Local Cancer Cancer Survivor Encourages Early ScreeningsMar 9, 2022
The onset of the coronavirus pandemic was an uncertain time for workers in the food and beverage industry. Many went home from work unsure of when they would return.Paula Oakes was able to celebrate another birthday after getting treatment for colorectal cancer.
That was the case for Paula Oakes who lives on James Island. Her life slowed down quite a bit after leaving her fast-paced job as a bartender.
That also gave her more time to pay attention to how she was feeling. Not in a COVID-19 infection way, but she began noticing some changes in how her body was doing. Specifically, her gastrointestinal health.
She started realizing how frequently she needed to use the restroom. “I would eat something, and it would go right through me,” Oakes said.
She visited her primary care physician to talk about the new symptoms and was referred to Dr. Rya Kaplan, a gastroenterologist at East Cooper Medical Center. Oakes expected the symptoms were due to irritable bowel syndrome or another common gastrointestinal issue. Additionally, Oakes is lactose intolerant, so it’s common for her to have digestive discomfort.
Oakes went in for a colonoscopy and she said the procedure could not be completed because a cancer was so large. Oakes, who is 44 years old, received a stage three rectal cancer diagnosis.
The recommended colon cancer screening age is 45 for average-risk patients, meaning they have no family history of colorectal cancer or pre-cancerous polyps. Until last year, the recommended screening age was 50, but studies showed that cancer and pre-cancerous polyps were detected at younger ages.
Kaplan has already seen the benefits of lowering the screening age to 45.
“I found a couple cancers that probably wouldn’t have been found in early stages had they waited until the routine at age 50,” said Kaplan. Additionally, she has detected pre-cancerous polyps that could have turned into cancer by the time the patients reached 50.
Dr. Alejandro Suarez, a gastroenterologist and advanced endoscopist at Palmetto Digestive Health Specialists said there has been a recent increase in rate of colorectal cancer in patients between the ages of 40 to 49. “(There’s) approximately 10 percent of patients in this age range diagnosed with colon cancer,” Suarez said.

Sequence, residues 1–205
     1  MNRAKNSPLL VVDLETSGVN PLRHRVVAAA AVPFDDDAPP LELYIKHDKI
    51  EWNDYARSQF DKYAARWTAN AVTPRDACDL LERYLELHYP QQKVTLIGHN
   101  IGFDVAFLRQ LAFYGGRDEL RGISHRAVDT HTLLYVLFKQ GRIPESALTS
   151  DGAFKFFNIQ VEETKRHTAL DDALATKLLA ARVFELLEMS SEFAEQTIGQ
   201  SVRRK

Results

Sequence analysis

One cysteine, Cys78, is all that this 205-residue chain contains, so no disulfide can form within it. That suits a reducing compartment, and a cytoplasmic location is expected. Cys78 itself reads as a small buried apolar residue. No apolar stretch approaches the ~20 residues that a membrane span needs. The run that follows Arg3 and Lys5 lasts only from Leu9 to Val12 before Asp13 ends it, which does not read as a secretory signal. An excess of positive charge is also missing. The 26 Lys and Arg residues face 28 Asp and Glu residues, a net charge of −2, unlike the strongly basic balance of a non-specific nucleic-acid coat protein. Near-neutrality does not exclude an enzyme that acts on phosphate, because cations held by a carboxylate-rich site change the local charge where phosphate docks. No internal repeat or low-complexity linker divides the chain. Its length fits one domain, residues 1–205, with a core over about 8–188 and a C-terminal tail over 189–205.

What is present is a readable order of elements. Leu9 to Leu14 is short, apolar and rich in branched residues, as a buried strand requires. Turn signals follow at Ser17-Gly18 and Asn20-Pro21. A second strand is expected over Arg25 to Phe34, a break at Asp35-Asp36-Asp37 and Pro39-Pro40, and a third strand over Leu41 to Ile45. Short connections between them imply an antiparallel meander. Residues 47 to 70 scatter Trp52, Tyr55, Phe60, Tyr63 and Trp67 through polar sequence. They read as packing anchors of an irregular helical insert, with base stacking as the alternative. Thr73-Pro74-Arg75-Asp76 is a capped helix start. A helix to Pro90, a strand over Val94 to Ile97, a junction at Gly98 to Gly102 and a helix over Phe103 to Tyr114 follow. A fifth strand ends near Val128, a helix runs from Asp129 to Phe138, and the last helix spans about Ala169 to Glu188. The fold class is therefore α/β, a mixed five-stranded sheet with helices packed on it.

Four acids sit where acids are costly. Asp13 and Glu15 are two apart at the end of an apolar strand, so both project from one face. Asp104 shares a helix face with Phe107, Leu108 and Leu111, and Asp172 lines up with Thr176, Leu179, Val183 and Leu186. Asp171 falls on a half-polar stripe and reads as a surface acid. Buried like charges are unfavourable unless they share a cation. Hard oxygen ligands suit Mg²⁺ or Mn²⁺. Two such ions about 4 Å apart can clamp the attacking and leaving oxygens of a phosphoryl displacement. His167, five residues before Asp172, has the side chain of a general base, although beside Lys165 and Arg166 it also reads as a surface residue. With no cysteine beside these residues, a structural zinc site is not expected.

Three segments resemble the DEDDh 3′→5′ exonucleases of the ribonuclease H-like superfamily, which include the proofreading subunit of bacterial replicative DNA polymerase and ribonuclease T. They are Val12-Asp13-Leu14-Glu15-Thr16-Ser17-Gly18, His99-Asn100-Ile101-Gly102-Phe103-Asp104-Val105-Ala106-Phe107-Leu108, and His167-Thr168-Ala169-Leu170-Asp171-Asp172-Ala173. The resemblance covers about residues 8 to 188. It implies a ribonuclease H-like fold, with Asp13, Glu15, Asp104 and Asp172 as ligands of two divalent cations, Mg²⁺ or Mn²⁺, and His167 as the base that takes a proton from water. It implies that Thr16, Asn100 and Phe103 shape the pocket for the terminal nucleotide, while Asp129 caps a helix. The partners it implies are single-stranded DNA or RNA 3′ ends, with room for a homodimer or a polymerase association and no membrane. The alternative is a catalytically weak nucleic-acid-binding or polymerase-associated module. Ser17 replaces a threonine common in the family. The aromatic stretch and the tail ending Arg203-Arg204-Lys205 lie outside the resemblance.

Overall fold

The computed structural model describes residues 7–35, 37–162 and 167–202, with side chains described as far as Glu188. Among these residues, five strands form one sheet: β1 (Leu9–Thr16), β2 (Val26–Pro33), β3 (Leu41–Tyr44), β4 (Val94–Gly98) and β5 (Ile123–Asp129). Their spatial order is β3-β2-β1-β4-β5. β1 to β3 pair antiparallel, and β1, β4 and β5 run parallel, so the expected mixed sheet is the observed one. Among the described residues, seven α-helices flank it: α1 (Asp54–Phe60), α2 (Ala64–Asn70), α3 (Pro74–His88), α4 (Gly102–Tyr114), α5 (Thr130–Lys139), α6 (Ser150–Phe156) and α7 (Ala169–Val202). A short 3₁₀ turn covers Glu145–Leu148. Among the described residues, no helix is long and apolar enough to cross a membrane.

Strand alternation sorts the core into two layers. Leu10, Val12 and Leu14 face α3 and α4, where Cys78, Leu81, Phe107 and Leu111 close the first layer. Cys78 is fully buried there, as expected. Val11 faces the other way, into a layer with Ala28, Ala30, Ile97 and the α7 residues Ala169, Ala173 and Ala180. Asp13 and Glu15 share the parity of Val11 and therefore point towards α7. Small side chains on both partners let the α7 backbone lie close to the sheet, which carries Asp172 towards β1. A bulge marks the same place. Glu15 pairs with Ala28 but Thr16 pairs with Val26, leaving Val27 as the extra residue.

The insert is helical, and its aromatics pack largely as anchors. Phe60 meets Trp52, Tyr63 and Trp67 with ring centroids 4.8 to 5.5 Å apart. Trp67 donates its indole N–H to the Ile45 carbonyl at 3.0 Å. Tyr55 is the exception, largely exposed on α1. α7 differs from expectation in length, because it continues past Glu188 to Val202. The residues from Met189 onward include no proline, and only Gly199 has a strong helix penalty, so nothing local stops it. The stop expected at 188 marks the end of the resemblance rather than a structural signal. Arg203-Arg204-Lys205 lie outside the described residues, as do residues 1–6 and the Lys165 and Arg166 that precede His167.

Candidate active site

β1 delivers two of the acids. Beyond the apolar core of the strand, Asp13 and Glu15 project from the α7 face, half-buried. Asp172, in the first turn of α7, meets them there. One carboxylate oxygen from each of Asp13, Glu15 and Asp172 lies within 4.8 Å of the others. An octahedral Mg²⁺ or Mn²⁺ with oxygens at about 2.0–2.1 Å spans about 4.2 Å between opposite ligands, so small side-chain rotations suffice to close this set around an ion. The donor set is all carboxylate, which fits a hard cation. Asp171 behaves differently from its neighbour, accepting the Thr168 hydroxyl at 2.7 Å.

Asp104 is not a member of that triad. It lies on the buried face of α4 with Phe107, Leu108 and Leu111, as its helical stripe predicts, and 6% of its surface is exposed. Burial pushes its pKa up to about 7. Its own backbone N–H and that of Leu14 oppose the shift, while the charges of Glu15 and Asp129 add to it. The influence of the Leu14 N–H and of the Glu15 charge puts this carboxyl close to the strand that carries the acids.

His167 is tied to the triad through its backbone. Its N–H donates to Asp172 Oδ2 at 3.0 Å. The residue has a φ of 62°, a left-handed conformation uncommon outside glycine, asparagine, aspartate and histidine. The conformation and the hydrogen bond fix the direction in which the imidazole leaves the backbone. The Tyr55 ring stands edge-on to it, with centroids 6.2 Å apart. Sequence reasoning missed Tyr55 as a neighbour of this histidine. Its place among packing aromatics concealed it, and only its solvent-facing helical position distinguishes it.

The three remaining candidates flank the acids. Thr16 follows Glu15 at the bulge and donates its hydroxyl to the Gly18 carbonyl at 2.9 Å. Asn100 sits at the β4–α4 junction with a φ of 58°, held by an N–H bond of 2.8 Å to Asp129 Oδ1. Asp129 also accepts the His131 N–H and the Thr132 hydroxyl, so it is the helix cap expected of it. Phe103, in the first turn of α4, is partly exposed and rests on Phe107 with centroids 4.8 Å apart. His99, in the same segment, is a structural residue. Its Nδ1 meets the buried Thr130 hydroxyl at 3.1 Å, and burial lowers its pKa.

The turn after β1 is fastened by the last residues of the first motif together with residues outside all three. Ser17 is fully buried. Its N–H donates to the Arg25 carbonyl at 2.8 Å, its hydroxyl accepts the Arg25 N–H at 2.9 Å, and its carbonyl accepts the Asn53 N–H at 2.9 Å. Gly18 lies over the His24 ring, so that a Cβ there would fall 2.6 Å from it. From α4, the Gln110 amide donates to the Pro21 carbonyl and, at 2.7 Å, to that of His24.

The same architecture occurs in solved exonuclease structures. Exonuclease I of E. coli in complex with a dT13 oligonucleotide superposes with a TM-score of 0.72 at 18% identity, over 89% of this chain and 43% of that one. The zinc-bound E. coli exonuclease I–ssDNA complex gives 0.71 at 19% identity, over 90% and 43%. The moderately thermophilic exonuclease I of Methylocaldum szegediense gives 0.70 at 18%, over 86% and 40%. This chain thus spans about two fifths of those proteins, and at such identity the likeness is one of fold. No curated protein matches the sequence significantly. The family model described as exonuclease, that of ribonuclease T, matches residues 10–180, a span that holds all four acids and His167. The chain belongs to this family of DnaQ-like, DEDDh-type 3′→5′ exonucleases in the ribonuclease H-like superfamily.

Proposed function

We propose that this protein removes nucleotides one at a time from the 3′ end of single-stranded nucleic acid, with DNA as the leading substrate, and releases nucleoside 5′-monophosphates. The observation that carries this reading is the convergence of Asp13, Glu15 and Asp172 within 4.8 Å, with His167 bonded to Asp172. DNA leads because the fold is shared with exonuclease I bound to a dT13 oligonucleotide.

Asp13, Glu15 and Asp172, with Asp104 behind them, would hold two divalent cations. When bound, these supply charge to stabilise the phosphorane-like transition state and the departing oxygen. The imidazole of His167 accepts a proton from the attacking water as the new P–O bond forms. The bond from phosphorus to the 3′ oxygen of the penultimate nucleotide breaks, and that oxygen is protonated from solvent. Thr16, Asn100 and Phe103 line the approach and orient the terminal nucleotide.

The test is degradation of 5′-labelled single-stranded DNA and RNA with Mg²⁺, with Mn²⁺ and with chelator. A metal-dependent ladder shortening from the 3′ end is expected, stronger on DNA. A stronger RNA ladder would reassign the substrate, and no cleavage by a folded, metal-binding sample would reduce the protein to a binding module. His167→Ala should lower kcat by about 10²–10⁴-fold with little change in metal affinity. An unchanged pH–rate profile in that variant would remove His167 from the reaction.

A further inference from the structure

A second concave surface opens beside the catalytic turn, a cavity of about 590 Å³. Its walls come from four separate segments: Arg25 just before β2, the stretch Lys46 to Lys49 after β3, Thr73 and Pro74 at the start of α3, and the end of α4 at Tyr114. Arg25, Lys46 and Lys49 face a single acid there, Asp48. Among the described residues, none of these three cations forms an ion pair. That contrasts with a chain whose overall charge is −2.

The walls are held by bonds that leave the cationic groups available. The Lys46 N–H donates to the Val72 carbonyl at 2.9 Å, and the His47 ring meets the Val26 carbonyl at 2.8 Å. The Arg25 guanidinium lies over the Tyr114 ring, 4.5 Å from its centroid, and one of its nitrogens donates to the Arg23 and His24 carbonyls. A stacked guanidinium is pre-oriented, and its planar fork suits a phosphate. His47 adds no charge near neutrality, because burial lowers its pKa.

In many cases, the screenings find the cancer before the patient notices any symptoms. Kaplan said patients should be vigilant about any new symptoms, including changes in bowel habits, unexplained constipation, diarrhea due to blockage from a tumor, blood in the stool, abdominal pain or unexplained weight loss. These symptoms could be signs of other issues besides cancer, but Kaplan said it’s important to visit a doctor with any new symptoms.
Oakes was not due for a routine screening for a few years at the time she was diagnosed with cancer. After her diagnosis, she learned a couple of distant cousins had colon cancer, but according to the American Cancer Society a patient is considered at an increased risk if a first-degree relative (parent, sibling or child) has a history of colon cancer. The American Cancer Society states most colorectal cancers are found in people without a family history of the cancer.Paula Oakes spends time on the sunny beach.
Oakes started treatment in August 2020 with radiation and chemotherapy pills. A couple of months later, she had surgery that removed the tumor and had an ileostomy bag put in, which she said was difficult to get used to. She had chemotherapy from December to April and once her body recovered from that, the ileostomy bag was removed in May 2021.
She said the chemotherapy made her feel exhausted and nauseous. She tried to get out of the house to go on a walk and keep her energy up. She said her support system of friends and family really helped her get through the cancer. Friends would check in with texts or stop by with a meal.
She said one difficult aspect of going through cancer during the pandemic is that she had to go to the doctor visits alone. Sometimes, she video-called a friend during the doctor visit to have some support, but she said the majority of the time she was by herself. She said her team of doctors and nurses supported and guided her throughout her treatment.
March is Colorectal Cancer Awareness Month. Kaplan said patients should know that colorectal cancer is the third most commonly diagnosed cancer, excluding skin cancers. Suarez wants patients to understand that 1 in 20 Americans are diagnosed with colorectal cancer.
As a colorectal cancer survivor, Oakes encourages people to get screened, especially if symptoms arise. She said her advice for anyone with a cancer diagnosis is to reach out to friends and family for support because that is what got her through her cancer journey.
Kaplan said getting a regular screening is something that should not be ignored.
She said a colonoscopy is often a “hard sell” for patients because people are reluctant to do the prep and procedure. She said there are new preps that are smaller volumes of liquid and there’s a pill form. When it comes to the procedure, she said patients should not worry about discomfort or feeling anything.
After recovering from her final procedure in May 2021, Oakes started introducing light physical exercise into her routine to gain stronger. She said she is feeling well now and her colonoscopy a month ago showed “everything looked great.”